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Waggoner helping Alabama lead on artificial intelligence growth

State Sen. Jabo Waggoner (R-Vestavia Hills), the powerful chair of the Senate Rules Committee, is at the forefront of a concerted effort to make Alabama a leader in the emerging field of artificial intelligence (AI).

In the 2019 regular session that concluded last week, the Alabama legislature unanimously passed Waggoner’s Senate Joint Resolution 71, which would create the Alabama Commission on Artificial Intelligence (AI) and Associated Technologies.

Now, Governor Kay Ivey has approved Waggoner’s measure, giving the Yellowhammer State one of the first AI, state-focused commissions of its kind in the nation.

“In a few short years, artificial intelligence and other emerging technologies will transform business, create new jobs and grow our economy,” Waggoner said in a statement. “Realizing the full potential and opportunities of AI and related technologies for Alabama requires the combined efforts of our state and local governments, industry, and institutions of higher education.”

The newly created commission will advise Ivey and the legislature on the growth of AI technologies in Alabama and make recommendations on policy and advancing the prowess of the state’s technology sector.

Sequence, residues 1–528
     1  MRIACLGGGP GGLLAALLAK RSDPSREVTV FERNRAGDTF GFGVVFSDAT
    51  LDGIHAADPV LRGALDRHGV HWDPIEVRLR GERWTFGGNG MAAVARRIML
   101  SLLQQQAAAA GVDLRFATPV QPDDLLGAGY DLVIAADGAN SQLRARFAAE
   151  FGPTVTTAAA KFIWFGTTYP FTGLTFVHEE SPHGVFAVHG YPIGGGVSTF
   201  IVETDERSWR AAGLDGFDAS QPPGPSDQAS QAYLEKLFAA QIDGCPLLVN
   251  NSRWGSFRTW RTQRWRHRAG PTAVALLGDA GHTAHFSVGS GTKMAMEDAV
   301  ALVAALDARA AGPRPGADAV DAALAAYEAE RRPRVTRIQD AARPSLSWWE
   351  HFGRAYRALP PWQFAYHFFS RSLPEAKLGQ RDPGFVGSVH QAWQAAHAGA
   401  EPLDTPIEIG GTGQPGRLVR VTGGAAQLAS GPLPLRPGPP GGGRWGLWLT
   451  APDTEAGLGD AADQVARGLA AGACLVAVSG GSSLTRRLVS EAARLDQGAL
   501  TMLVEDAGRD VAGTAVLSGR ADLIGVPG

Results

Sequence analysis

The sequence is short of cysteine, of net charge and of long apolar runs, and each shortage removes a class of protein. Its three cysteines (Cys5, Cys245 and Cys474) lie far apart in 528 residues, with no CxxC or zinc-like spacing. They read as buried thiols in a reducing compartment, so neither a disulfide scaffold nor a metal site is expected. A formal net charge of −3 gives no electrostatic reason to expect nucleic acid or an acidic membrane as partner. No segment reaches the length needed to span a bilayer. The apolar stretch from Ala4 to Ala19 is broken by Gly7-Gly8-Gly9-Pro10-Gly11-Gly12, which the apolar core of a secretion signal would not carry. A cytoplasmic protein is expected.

This comes after recent studies have identified opportunities and challenges for Alabama’s technology sector.

For example, Waggoner pointed out that the Bloomberg 2019 U.S. Innovation Index ranked Alabama at 46 of 50 states. The Bloomberg Index is based on several key metrics, including the number of technology companies in a state.

However, a recent Cyberstates study noted that Alabama increased the number of job postings related to AI and other technologies by 57 percent in 2018.

“The outlook for expanding Alabama’s technology industry remains very positive. The Commission on AI will be a focal point to promote this continued growth,” Waggoner advised.

“We have to have a discussion on building an AI-ready workforce and formulate policies to continue the transformative technologies of AI in a responsible way,” he added. “The timing to convene a commission on AI couldn’t be better.”

Another revolutionary technology measure passed by the legislature this session was the Alabama Incentives Modernization (AIM) Act.

This bill, signed into law by Ivey on Thursday, provides an update to Alabama’s incentive law, providing attractive incentives to recruit out-of-state tech companies to the Yellowhammer State. The incentive legislation states, “Alabama must also prepare for the future by attracting and retaining high-tech companies, and preparing and retaining a workforce trained for such jobs.”

“The Alabama Commission on AI complements the technology incentives contained in the newly passed incentive modernization legislation. Together, these two measures give Alabama competitive leverage, and show that we are serious about building a vibrant technology sector,” Waggoner commented.